These buildings introduced and shocked the world with many of the architect’s revolutionary ideas. Their unorthodox facades quite literally displaced people’s expectations and assumptions about the nature of architecture, shopping, and suburbia. Wines turned his buildings into remarkable works of art that provoked conversations, questioning, amusement, as well as misunderstanding, and even protests.

Best Notch Building

Best Notch Building
BEST Notch Building (Sacramento, CA, 1977)

James Wines was born in 1932 in Oak Park, Chicago. He studied sculpture and graduated from Syracuse University in 1956. For over a decade, before founding his environmental practice, SITE (Sculpture In The Environment) in 1970, Wines worked as a successful sculptor and graphic designer producing abstract constructivist works made of concrete and steel. He had a change of heart, influenced by discussions with his fellow artists, including Frederick Kiesler and Gordon Matta Clark who were much more fascinated by the building process, not the finished form sitting on a pedestal. In our 2016 interview, Wines told me, “SITE’s work is about inversion, fusion, intervention, exaggeration—often just taking something apart and examining the elements of construction from a different point of view.”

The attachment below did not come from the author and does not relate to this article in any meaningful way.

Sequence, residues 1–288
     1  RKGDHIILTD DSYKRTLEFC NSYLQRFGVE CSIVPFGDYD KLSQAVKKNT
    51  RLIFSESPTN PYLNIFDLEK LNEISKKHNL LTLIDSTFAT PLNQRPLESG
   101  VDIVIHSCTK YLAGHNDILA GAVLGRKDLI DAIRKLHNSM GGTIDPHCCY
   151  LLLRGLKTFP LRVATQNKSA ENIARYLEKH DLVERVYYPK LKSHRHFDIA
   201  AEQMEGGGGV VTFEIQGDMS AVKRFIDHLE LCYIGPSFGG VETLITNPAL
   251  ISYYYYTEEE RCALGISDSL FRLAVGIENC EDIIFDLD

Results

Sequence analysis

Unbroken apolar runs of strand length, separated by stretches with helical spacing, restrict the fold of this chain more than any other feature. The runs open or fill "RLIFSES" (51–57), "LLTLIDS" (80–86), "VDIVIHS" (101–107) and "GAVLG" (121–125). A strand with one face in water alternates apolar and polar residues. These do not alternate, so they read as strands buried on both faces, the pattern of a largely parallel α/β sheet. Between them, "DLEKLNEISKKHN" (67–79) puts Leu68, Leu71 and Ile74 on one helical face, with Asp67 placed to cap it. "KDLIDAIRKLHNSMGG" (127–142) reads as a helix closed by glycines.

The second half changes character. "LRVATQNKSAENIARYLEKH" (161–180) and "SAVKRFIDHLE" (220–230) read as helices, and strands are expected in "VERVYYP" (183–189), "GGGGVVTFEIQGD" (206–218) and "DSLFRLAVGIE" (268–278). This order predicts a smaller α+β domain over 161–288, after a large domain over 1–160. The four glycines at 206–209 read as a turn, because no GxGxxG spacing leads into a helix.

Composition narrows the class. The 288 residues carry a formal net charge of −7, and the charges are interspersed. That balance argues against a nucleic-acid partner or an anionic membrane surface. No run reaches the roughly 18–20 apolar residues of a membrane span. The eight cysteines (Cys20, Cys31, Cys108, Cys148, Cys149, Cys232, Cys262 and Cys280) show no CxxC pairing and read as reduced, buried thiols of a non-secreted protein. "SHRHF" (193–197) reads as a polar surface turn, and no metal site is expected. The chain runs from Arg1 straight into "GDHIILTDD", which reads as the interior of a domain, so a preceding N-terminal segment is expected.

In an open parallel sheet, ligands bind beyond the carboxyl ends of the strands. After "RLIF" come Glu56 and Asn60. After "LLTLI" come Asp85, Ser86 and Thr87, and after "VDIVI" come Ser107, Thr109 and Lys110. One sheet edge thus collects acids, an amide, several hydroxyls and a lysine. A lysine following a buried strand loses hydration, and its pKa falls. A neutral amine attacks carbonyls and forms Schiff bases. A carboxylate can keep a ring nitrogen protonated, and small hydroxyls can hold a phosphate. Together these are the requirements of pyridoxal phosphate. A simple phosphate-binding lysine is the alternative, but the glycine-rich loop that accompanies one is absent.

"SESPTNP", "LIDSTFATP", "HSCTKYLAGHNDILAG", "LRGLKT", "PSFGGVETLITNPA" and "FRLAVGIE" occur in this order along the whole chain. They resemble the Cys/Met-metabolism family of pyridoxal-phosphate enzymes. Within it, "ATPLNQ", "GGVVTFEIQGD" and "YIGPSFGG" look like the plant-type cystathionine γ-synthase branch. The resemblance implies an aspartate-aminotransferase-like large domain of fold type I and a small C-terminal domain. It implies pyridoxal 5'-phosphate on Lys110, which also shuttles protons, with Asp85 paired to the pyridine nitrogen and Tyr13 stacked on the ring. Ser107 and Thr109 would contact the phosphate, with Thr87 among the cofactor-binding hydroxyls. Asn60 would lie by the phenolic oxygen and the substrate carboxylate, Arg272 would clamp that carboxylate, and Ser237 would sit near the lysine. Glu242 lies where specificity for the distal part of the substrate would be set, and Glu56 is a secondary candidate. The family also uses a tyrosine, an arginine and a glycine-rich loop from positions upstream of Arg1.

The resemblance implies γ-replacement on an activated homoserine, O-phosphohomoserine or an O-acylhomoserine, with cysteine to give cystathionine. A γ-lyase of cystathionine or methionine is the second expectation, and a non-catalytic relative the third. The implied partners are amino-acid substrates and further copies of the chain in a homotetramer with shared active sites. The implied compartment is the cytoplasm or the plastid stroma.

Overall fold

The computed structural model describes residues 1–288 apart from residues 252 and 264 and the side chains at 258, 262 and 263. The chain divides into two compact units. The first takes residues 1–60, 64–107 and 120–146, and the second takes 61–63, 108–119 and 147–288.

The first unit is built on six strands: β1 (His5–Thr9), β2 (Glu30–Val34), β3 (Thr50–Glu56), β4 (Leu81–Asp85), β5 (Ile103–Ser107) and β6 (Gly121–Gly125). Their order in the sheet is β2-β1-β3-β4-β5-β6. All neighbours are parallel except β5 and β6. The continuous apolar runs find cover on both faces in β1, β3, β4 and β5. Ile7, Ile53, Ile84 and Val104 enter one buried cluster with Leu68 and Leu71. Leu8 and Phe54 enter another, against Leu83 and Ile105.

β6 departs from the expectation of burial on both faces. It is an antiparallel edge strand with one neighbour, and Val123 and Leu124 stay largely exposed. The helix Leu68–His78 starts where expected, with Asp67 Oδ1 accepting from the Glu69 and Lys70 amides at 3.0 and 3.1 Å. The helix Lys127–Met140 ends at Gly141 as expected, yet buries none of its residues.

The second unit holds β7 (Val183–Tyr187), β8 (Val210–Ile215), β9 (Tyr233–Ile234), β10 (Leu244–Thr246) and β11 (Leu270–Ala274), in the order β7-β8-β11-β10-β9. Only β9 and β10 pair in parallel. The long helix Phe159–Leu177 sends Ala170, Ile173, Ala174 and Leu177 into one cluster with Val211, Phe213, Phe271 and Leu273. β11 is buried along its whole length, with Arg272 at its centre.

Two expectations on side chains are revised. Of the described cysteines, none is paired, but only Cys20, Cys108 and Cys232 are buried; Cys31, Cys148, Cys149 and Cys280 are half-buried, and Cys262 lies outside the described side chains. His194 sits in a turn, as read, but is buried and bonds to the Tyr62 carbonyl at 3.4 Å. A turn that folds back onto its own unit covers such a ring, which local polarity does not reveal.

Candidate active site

BEST Anti-sign Richmond VA - Architecture needed to be liberated from itself
BEST Anti-sign (Richmond, VA, 1978)

The architect is a great provocateur whose unconventional work disjointed the idea of architecture as a style. His work changed the course of architecture by freeing it from all kinds of dogmas. SITE’s architecture provokes ideas of hybridization. James Wines treats architecture as a form of critique and a platform for continuous discourse. By the very act of placing art where people least expect to find it, he taught us how to be more observant, curious, and critical of our everyday environment. Wines brought a rebellious attitude to the profession and his efforts expanded architecture by making buildings more artistic, imaginative, process-oriented, open-ended, integrated with nature, and, of course, more fun to explore.

Architecture needed to be liberated from itself BEST Inside Out Milwaukee WI 1984
BEST Inside Out (Milwaukee, WI, 1984)